- Decision on Ayodhya case comes amid demands to hasten building Ram temple
- Right-wing groups demanded government expedite process through ordinance
- Supreme Court last year refused an early hearing on the Ayodhya case
Following are the top 10 developments in this big story:
The dispute is over 2.7 acres of land on which the Babri Masjid stood before it was demolished on December 6, 1992.
In 2010, the Allahabad High Court accepted that the disputed site was the birthplace of Lord Ram and allotted two-thirds of it to the Hindus. The rest went to the Sunni Central Waqf Board of Uttar Pradesh. Both Hindu and Muslim organisations appealed against it in the Supreme Court, which in 2011, stayed the High Court order.
In October, the Supreme Court rejected the Uttar Pradesh government's appeal for an early hearing of the 14 petitions in the case. "We have our own priorities. Whether hearing would take place in January, March or April would be decided by an appropriate bench," the court said.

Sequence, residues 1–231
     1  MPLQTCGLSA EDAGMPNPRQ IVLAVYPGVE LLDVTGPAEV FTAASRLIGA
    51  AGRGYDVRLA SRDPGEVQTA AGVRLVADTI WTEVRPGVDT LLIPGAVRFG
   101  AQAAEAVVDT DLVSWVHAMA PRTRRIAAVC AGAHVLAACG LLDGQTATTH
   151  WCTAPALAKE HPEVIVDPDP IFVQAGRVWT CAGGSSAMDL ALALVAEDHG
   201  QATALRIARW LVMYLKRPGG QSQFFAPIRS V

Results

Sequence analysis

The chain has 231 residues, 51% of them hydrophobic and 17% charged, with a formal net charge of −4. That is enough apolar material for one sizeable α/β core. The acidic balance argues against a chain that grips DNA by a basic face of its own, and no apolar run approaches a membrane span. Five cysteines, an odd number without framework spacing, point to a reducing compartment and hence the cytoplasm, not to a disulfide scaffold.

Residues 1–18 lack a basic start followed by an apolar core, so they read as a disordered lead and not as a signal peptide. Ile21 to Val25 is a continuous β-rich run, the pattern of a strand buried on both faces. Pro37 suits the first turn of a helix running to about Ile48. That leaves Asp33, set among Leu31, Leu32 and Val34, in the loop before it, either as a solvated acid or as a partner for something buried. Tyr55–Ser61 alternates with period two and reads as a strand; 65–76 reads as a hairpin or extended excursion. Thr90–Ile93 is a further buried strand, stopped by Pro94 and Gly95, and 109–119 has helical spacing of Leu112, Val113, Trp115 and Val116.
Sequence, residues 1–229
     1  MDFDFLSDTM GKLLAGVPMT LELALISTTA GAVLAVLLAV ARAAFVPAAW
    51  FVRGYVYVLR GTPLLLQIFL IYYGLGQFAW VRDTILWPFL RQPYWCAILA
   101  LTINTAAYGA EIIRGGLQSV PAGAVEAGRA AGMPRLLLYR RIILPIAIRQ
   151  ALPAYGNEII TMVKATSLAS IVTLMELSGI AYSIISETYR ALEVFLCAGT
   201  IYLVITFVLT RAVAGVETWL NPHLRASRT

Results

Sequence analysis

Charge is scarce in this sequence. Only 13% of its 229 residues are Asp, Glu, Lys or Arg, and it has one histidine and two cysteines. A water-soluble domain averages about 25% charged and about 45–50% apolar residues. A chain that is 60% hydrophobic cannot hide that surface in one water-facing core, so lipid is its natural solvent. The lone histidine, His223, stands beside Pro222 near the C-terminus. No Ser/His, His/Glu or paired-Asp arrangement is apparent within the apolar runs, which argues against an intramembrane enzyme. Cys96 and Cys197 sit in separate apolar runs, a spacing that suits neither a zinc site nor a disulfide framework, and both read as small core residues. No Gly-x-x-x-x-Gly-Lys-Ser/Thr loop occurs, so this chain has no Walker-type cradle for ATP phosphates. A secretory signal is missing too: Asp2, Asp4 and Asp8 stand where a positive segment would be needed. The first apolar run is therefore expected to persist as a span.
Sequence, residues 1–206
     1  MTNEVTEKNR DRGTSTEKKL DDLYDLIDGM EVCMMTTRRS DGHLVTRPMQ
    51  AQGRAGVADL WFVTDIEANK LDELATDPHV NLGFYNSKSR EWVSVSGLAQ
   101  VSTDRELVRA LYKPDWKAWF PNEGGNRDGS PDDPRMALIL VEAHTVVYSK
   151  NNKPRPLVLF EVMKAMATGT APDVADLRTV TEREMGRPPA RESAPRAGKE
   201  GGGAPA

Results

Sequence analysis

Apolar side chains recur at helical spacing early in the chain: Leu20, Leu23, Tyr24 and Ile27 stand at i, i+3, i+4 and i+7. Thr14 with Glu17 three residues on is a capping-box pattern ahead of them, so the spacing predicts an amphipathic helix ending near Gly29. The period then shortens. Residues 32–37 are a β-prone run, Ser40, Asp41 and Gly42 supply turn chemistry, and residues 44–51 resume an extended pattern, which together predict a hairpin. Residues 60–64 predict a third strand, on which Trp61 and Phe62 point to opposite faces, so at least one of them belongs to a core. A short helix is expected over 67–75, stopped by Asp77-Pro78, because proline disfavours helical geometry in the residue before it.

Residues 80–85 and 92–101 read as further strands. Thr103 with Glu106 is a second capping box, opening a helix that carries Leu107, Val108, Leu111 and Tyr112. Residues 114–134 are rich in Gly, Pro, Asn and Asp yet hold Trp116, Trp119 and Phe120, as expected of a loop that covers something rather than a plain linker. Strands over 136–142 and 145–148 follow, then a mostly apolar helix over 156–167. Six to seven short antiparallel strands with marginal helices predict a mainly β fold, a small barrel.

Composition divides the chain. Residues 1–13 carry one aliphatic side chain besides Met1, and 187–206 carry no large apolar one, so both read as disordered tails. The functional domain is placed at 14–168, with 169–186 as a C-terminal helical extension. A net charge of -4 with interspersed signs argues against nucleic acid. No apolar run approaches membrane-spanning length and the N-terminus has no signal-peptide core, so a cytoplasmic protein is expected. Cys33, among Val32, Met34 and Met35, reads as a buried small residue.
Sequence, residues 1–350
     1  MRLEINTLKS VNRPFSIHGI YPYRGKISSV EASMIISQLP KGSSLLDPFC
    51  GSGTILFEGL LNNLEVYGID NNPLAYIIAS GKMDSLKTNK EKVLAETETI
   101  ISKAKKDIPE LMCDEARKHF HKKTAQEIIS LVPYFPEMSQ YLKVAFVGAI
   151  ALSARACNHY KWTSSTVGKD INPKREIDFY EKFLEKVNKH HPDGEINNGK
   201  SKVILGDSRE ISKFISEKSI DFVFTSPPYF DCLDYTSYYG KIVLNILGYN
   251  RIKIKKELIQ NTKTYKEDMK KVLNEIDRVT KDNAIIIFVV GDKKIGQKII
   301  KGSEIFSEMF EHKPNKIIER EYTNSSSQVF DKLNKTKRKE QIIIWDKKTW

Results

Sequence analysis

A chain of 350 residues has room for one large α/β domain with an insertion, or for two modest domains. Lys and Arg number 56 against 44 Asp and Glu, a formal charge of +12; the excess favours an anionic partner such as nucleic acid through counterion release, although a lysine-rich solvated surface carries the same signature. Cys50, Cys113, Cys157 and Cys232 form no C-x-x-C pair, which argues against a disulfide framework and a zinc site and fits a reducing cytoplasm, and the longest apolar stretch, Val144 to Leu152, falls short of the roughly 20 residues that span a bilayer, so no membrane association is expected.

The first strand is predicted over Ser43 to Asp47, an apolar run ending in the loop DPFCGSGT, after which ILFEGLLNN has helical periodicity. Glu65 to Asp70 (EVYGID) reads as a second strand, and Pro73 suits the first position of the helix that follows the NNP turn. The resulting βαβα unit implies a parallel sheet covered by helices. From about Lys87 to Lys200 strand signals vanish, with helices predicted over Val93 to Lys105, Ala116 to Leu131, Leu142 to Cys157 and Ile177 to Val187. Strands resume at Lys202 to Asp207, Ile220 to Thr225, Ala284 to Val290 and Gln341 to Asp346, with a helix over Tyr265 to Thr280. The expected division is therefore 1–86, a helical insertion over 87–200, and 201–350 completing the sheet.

Chief Justice Gogoi, who was heading the bench, also clarified the appeals in the Ayodhya case hearing would come up before a bench "not for hearing but for fixing the date of hearing".
The court's refusal for an early hearing pushed right-wing groups and a section of the BJP to demand that the government bypass the legal process and expedite temple construction through an ordinance of executive order.
Despite pressure from right-wing groups and the Shiv Sena, Prime Minister Narendra Modi said in his New Year interview that the government is waiting for a legal resolution. "Let the judicial process be over. After the judicial process is over, whatever be our responsibility as government, we are ready to make all efforts," PM Modi said. He also accused the Congress of delaying the legal process.
The RSS, the ideological mentor of the BJP, has called for an early decision in the case. Uttar Pradesh Chief Minister Yogi Adityanath has also called for an early resolution, saying "justice delayed is justice denied".
The Shiv Sena and the right-wing Vishwa Hindu Parishad have been drumming up support for an ordinance, holding rallies and public meetings in Ayodhya and other parts of the country.
In September, the Supreme Court had declined to reconsider its observations in a 1994 judgment that a mosque was not integral to Islam - an issue that came up during the hearing of the Ayodhya land dispute.
The 16th-Century Babri Majid was razed on December 6, 1992, by thousands of right-wing volunteers or Kar Sewaks, who claimed it was built on a temple marking the birthplace of Lord Ram that was destroyed. Around 2,000 people were killed in the riots that followed the demolition.